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Please note, the theft law information on this page is provided as a courtesy to help explain theft, shoplifting and stealing laws. There is no guarantee or assurance of reliability or validity. Laws change over time and this page may or may not be current. The code that is provided on this site is an unofficial posting of the State Codes. The files making up this Internet version of the State Codes do not constitute the official text of the State Codes and are intended for informational purposes only. No representation is made as to the accuracy or completeness of these sections. While every effort was made to ensure the accuracy and completeness of the statutes available Offender Solutions™ shall not be liable or held responsible for any errors or omissions which may occur in these files, they are provided on an "As Is" basis. Use of the information and services are at the sole risk of the user. For official versions of any state's current laws, the user is directed to that states Revised Statutes, all amendments and cumulative supplements thereto published by that state. Please notify the Webmaster if you find any irregularities in the statutes on this web site. The Webmaster will relay the information to appropriate staff to investigate the irregularities. The printed version of the State Codes should be consulted for all matters requiring reliance on the statutory text. If you were involved in a theft or shoplifting incident you are encouraged to consider taking a theft cloass, theft course or shoplifting education class such as the one provided by offender solutions. Research shows theft school and/or theft education can be an effective theft prevention. Offender Solutions™ is an online theft education, shoplifting education class about stealing, it can be very effective if you want to stop stealing. Evan it was a small theft, a petty theft class or petty theft school could be right for you!
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SHOPLIFTING THEFT STEALING
Shoplifting is not a crime, it is a euphemism for the word stealing or theft, and theft is a crime. I'm not sure why our culture allowed the word "theft" to be different for someone who steals from a store, but the effect has been to minimize its seriousness in the mind of the shoplifter, our society and, interestingly, the police. It would seem logical for someone who is shoplifting to minimize the seriousness of this crime by calling it "shoplifting", but for the police to be swayed to this way of thinking is no less sacrilegious than for an American citizen to allow the euphemism, "casualty of war" to replace the word "death", minimizing the sacrifices of our Veterans.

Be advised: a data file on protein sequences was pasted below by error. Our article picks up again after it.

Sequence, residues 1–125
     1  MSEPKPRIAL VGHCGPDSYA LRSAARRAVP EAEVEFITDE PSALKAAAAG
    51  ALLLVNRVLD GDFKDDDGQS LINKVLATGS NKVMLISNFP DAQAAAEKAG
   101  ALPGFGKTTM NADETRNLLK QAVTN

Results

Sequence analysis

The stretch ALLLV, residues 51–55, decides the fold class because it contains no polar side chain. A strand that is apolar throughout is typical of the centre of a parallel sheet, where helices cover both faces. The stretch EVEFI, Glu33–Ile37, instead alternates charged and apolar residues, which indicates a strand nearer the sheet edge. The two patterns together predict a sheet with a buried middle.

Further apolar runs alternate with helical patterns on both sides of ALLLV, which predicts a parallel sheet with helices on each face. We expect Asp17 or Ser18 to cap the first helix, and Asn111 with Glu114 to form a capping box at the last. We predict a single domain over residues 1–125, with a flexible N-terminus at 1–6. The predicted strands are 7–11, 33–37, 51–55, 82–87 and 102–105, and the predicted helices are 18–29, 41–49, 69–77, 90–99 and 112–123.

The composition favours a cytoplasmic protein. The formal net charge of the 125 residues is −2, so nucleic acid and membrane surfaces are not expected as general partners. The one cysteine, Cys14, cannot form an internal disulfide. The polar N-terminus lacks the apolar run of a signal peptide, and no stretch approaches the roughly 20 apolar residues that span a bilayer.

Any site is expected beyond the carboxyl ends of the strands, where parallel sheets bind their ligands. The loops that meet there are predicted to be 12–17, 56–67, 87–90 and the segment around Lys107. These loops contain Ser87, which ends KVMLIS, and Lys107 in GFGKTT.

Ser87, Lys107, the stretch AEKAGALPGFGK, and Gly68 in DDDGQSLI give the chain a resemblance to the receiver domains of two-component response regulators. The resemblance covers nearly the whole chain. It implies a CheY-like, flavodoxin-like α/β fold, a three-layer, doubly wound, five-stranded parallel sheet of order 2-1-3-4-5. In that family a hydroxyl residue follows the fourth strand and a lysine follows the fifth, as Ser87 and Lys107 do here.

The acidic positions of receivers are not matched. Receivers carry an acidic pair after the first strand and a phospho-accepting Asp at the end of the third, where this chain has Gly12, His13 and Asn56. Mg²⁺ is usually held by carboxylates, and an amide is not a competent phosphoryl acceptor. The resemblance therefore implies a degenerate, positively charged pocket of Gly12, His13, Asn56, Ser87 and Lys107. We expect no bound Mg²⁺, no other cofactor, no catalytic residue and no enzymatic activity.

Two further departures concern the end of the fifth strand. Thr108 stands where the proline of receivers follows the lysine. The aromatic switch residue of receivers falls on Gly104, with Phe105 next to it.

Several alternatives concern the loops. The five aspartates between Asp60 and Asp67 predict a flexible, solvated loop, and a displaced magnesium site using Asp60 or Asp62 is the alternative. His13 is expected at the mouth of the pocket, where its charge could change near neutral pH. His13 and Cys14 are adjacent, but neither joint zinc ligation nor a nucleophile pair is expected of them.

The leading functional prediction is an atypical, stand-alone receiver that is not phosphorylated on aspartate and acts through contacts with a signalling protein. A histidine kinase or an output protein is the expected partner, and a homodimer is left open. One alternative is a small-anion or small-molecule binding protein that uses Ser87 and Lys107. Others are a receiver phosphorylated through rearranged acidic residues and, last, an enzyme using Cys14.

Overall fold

The same point can be made of the term "petty theft". Doesn't the word "petty" conjure up notions of insignificance, unimportance and irrelevance? It almost appears the police and our society have fallen victim to a very successful propaganda campaign intending to minimize the seriousness of theft from a store by calling it "shoplifting". Actually, if you take time to think about it, whether the item is stolen from a store, your employer, or, has great or small value, it is still stealing. It is also a statement about the shoplifters character.
I don't work for a store or retailer and I do not spend my time trying to show retailers how to better protect themselves from shoplifting with cameras, mirrors, electronic tags, security personnel, etc. I spend my time helping theft offenders think through their actions, attitudes, values and beliefs. Working with most people who steal is not all that difficult. What I have discovered through theft offender counseling is that most theft offenders have relatively transparent thinking errors. For example, if you believed 2 + 3 equals 6 you would have a thinking error. Your thinking error would not readily be identified, (How often do you do math out loud or in front of someone, and, to take it even further, how many people are willing to confront you with your math error?). However, once this thinking error is identified, you would be quick to self correct.
There is also such a thing as a "cultural thinking error." One common cultural thinking error occurs when we minimize the impact of shoplifting by buying into the notion that if someone is "shoplifting", he must be a victim. Common cultural thinking errors are that theft offenders are victims of poverty, poor parenting, hunger, alcohol and drugs, ADHD, peer pressure, etc. The fact is, most people who steal from stores are none of the above and, all people who choose to steal from stores have options to stealing. Oh, kleptomania you say?
People who are shoplifting are not all that different from you and I. Simply stated, the primary differences include, 1) an overdose of selfishness, 2) a stronger than normal attraction to the forbidden, 3) thinking errors you and I don't have, and, most of all, 4) they don't self punish the thought of stealing.